Parasitic infections can also be causes of traveler’s diarrhea. Of these, infections with protozoans are considered most common. Giardia lamblia, Cryptosporidium, Cyclospora, Entamoeba and Isospora species are implicated in roughly five percent of TD cases. Less common causes of traveler’s diarrhea can include helminthic infections, food poisoning, and seafood toxidromes.

Care and Treatment

The most important treatment for traveler’s diarrhea is to ensure adequate hydration. Dehydration is very common in persons who suffer from TD due to the large amounts of water that are lost via loose stools. Oral rehydration with sports drinks and clean, disinfected water should be started the moment that diarrhea strikes. Depending on the causes of the diarrhea, antibiotics may be required to kill bacteria or parasites. Using anti-diarrheal medications to prevent frequent trips to the toilet has a role, but should be done with caution. Preventing the infectious diarrhea from leaving one’s body may retain the bacteria or parasites in the intestines, allowing them more time to do damage. It is important to have a reasonable degree of certainty about the type of diarrhea before starting antibiotic therapy.

Diarrhea Evaluation in the Returned Traveler

Further studies into the cause of the traveler’s diarrhea start with a thorough travel history, focusing on destinations and eating habits/history. The majority of classical TD cases occur within the first two weeks of travel and last four to six days. Thus, a typical traveler with complaints of diarrhea upon return home will likely be suffering from recurrent or prolonged diarrhea. Only five to 10 percent of travelers have TD symptoms lasting longer than two weeks.

Initial laboratory investigations into diarrhea in a traveler by health care providers may include electrolyte determinations and stool studies looking for the presence of fecal red blood cells, white blood cells, ova and parasite studies, and bacterial culture.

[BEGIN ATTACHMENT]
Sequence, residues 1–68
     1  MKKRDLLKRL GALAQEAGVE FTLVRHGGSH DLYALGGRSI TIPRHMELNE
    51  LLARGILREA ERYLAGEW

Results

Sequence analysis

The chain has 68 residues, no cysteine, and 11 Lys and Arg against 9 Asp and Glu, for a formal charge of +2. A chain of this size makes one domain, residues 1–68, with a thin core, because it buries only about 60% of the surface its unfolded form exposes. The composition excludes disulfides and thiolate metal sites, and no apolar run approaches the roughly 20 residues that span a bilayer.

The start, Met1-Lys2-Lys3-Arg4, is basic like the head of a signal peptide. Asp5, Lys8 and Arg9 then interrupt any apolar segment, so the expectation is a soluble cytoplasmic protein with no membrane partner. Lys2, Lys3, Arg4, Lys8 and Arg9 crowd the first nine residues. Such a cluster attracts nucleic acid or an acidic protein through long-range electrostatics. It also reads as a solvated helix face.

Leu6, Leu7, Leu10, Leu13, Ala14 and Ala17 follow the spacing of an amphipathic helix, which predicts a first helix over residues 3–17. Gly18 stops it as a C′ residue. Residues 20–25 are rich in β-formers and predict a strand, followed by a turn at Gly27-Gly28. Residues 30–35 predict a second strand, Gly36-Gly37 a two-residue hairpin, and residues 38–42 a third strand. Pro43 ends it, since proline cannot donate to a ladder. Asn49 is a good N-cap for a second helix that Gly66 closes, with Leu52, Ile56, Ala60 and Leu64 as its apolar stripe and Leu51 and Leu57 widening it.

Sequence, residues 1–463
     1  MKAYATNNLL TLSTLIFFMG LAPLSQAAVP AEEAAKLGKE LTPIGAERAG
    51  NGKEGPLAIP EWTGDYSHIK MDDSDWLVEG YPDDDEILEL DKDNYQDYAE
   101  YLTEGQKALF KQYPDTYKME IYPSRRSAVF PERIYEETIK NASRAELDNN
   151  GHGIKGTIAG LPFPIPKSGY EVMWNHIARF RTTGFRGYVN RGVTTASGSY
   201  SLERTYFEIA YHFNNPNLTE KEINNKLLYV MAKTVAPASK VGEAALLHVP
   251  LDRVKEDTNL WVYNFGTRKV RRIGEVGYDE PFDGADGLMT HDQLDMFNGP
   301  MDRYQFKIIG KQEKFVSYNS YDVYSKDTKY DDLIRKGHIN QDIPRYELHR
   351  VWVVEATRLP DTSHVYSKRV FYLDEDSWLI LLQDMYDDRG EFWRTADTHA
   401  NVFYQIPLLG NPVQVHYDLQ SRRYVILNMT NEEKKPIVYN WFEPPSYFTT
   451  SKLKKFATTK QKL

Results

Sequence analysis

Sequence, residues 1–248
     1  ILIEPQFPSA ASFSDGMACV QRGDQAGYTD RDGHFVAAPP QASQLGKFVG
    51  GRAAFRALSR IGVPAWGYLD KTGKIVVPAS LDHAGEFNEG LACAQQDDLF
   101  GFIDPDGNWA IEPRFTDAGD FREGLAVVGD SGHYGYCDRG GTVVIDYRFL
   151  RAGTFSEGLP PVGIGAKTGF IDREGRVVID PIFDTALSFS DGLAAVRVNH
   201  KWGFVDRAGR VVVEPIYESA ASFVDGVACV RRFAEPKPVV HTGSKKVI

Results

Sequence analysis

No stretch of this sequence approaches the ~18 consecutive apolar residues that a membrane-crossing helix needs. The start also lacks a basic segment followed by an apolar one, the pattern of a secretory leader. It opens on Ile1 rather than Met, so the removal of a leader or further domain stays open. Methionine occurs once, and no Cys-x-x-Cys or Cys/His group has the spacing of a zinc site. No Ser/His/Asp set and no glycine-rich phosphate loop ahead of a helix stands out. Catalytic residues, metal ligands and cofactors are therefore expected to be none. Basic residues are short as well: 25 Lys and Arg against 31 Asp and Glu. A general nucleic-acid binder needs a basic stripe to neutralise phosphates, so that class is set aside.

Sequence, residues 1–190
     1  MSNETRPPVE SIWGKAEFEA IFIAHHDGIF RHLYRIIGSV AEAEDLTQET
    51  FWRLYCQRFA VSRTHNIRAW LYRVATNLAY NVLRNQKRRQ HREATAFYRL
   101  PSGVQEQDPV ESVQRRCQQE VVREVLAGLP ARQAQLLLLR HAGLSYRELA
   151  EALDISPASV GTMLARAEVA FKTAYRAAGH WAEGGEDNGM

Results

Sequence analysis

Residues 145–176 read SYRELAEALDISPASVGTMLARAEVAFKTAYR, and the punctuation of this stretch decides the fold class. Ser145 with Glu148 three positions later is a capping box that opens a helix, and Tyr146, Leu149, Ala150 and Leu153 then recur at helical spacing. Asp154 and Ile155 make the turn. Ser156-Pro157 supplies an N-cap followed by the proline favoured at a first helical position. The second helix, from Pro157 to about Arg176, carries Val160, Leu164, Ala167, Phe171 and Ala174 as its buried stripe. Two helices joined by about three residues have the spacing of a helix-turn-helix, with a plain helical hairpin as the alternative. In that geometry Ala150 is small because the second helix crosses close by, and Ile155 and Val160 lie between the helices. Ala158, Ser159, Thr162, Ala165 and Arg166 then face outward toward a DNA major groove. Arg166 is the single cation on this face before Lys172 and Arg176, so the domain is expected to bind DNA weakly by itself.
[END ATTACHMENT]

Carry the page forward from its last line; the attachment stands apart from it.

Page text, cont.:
Anatomy and Diet

Knowledge of intestinal anatomy and physiology is important in understanding proper dietary modifications and treatment for those affected by traveler’s diarrhea. The inner lining of the wall of the small intestine is lined with a “brush border” that contains enzymes to assist in food digestion. When someone suffers from diarrhea, this brush border is frequently damaged and excreted with the diarrhea.

Lactase, which is the enzyme that breaks down lactose (found in dairy products), is one of the enzymes in the brush border, and it can be particularly fragile. When the brush border is damaged, the victim can no longer digest lactose as effectively as before the diarrheal illness.

Thus, food containing lactose in their intestines goes undigested and can act as an osmotic attractant to water. Basically, the undigested bits of dairy food (cheese, milk, etc.) draw more water than normal into the intestine, causing increased diarrhea and water loss. Avoidance of dairy products during diarrheal illnesses should be considered. After a few days to one week of no symptoms, the brush border typically re-grows to the level it was at prior to the diarrheal illness.

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Erik McLaughlin, MD, MPH is a medical doctor who specializes in travel and expedition medicine. Erik is the Medical Director of the Adventure Doc Clinic based in Tucson, Arizona.

Before going to medical school, Erik was a professional outdoor athlete, competing in adventure races and multi-sport endurance events around the world. His interest in medicine came from taking care of his teammates during these remote events. In addition to his qualifications as a medical doctor, Erik has completed a Masters in Public Health in International Health and the Diploma Course in Travel and Tropical Medicine.

Erik works part time as a rural emergency physician in southern Arizona as well as acting as a travel and expedition medicine consultant. He also provides educational modules on remote and expeditionary medicine. He is an active member of the Wilderness Medical Society, The International Society of Travel Medicine, The Australian Society of Ruraland Remote Medicine, and a Fellow of the Royal Society of Tropical Medicine and Hygiene.

This post, Traveler’s Diarrhea: The Basics, was originally published on Healthine.com by Paul Auerbach, M.D..